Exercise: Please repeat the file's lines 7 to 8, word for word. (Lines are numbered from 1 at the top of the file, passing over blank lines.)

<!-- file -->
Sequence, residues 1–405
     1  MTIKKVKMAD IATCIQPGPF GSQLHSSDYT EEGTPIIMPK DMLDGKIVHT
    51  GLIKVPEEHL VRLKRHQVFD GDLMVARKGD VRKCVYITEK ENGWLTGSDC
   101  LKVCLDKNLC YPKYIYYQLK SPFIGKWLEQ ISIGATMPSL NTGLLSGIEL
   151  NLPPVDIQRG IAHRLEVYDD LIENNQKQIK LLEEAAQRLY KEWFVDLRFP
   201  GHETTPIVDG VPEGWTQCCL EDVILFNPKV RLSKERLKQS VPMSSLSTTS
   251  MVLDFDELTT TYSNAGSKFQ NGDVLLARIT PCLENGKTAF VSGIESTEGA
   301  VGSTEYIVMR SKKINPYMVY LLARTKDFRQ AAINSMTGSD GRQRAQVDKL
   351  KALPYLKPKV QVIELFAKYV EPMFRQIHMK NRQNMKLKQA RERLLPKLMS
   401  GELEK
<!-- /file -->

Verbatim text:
   251  MVLDFDELTT TYSNAGSKFQ NGDVLLARIT PCLENGKTAF VSGIESTEGA
   301  VGSTEYIVMR SKKINPYMVY LLARTKDFRQ AAINSMTGSD GRQRAQVDKL